MUSIC

Jazz Festin’ on a Sunday afternoon

Wade McIntyre
Wade McIntyre

Nothing puts me in a better mood than when my shoes are on my feet and headed to the New Orleans Jazz and Heritage Festival.

I know its only a music and food festival, but I like it, love it, yes, I do.

Admittedly, mixing jazz and food is a little strange. You listen to jazz with all your senses in play, and food dulls the senses.

Jazz Fest solves that issue by bringing in all kinds of music, rock, pop, alternative and performers that celebrate New Orleans’ own special take on what music is and should be. If you don’t want to eat while listening to jazz, eat while listening to something else.

Going to Jazz Fest with too many preconceived plans can cause heartache. I really wanted to see the Dave Matthews Band this year, but it was not to be. Thankfully, I’ve been to the festival enough that I can roll with punches.

With few exceptions, the musicians I caught during this 40th Anniversary year were New Orleans originals, performers as unique in their own way as Professor Longhair, and just as irreplaceable.

I’ve seen Dr. John a number of times, both as a headliner and as a sideman with his friends. Once at a State Fair in New Mexico, I walked into a tent and found him playing solo on his piano as an unannounced act in front of about 100 people.

Saturday at the Jazz Fest, he performed in front of a crowd of 25,000 or more at the Acura stage.

The doctor, Mack Rebennack, looks older than I’ve ever seen him, but sounded as good as he did under that small tent out west.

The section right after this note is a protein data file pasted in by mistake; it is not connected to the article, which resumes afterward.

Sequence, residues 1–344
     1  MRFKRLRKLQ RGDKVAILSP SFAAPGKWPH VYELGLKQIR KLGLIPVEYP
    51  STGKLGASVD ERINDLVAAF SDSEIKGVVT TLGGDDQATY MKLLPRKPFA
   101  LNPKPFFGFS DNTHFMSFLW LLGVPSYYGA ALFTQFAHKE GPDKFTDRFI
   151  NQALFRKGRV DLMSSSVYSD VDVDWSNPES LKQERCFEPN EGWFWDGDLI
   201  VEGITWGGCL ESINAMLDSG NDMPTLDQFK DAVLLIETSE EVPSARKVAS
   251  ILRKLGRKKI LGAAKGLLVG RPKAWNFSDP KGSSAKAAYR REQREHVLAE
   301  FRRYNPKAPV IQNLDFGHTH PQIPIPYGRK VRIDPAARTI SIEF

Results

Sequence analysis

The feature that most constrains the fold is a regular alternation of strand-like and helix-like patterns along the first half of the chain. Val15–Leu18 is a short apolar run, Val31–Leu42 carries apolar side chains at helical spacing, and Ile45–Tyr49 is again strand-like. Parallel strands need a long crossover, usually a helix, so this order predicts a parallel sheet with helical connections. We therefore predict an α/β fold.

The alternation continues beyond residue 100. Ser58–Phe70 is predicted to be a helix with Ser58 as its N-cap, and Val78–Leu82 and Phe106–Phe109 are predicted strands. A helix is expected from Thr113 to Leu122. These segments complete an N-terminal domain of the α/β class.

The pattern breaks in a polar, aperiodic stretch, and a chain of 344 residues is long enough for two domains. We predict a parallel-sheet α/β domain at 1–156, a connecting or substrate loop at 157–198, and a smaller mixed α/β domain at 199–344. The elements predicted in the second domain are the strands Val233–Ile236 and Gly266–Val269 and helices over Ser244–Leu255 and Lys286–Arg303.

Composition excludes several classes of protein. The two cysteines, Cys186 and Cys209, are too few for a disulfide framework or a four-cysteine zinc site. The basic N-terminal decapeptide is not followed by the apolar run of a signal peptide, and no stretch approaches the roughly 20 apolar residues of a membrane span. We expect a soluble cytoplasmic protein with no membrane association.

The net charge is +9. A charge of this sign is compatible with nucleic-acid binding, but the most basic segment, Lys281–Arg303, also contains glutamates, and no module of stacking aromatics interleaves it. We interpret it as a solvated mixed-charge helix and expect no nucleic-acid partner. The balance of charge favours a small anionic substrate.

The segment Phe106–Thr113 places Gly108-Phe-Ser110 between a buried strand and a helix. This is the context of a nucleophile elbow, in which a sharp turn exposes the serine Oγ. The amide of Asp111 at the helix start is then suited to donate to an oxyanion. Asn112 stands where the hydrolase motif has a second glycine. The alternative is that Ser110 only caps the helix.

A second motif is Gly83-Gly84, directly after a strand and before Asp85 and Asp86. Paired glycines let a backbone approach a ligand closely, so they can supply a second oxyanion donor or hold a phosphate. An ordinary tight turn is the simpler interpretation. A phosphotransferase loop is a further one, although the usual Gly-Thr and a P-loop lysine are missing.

Allen Toussaint opened his set with a song written for the 40th Anniversary. It sounded great even though I’d never heard it before, and he may never play it again. If you’ve never been to Jazz Fest, and plan to go one day, I would suggest that Toussaint, alone, is worth a trip.

The New Orleans Klezmer Allstars are the most fun band when they’re on stage. If there was not already a definition for the word “unique” the band’s name would work just fine.

One group I had no intention of missing this year provided the biggest surprise. I’d been looking forward to seeing Big Chief Bo Dollis and the Wild Magnolias for a long time. I last saw them pre-Katrina in 2004 with my son, who was hearing them for the first time. The two of us refer to that performance as the day they earth shook in front of Gentilly stage on the Fairgrounds.

The group has been having financial difficulties and Bo Dollis had fallen ill, and Sunday was to mark his return to the lineup.

It was a very emotional comeback. Bo Dollis was on stage part of the performance and he sang a bit. But the energy he once put into his shows and use to drive the band were gone.

A teary-eyed Bo Dollis literally appeared to be singing himself out of the group.

If that turns out to be true, there will be a hole in the next Jazz Fest.

Hopefully, we’ll all be back at the festival next year to help fill it.